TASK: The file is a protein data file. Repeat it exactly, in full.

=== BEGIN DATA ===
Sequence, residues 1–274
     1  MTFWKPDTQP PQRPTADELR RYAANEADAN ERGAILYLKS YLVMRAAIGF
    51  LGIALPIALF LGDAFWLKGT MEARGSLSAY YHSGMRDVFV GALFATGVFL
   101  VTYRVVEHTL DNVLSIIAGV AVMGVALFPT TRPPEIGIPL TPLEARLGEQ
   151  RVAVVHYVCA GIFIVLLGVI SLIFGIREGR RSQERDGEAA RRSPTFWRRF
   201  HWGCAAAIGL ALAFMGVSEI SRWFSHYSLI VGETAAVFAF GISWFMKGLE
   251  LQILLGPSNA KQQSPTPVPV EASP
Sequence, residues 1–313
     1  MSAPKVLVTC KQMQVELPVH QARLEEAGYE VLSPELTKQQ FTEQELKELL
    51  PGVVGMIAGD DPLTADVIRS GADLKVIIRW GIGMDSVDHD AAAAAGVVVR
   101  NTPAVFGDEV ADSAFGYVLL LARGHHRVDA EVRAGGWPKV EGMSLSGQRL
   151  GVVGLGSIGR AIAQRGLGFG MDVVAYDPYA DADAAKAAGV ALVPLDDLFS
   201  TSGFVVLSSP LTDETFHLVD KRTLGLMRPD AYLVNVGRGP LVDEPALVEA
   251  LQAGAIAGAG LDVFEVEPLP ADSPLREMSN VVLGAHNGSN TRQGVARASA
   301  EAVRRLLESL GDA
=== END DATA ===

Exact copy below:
Sequence, residues 1–274
     1  MTFWKPDTQP PQRPTADELR RYAANEADAN ERGAILYLKS YLVMRAAIGF
    51  LGIALPIALF LGDAFWLKGT MEARGSLSAY YHSGMRDVFV GALFATGVFL
   101  VTYRVVEHTL DNVLSIIAGV AVMGVALFPT TRPPEIGIPL TPLEARLGEQ
   151  RVAVVHYVCA GIFIVLLGVI SLIFGIREGR RSQERDGEAA RRSPTFWRRF
   201  HWGCAAAIGL ALAFMGVSEI SRWFSHYSLI VGETAAVFAF GISWFMKGLE
   251  LQILLGPSNA KQQSPTPVPV EASP
Sequence, residues 1–313
     1  MSAPKVLVTC KQMQVELPVH QARLEEAGYE VLSPELTKQQ FTEQELKELL
    51  PGVVGMIAGD DPLTADVIRS GADLKVIIRW GIGMDSVDHD AAAAAGVVVR
   101  NTPAVFGDEV ADSAFGYVLL LARGHHRVDA EVRAGGWPKV EGMSLSGQRL
   151  GVVGLGSIGR AIAQRGLGFG MDVVAYDPYA DADAAKAAGV ALVPLDDLFS
   201  TSGFVVLSSP LTDETFHLVD KRTLGLMRPD AYLVNVGRGP LVDEPALVEA
   251  LQAGAIAGAG LDVFEVEPLP ADSPLREMSN VVLGAHNGSN TRQGVARASA
   301  EAVRRLLESL GDA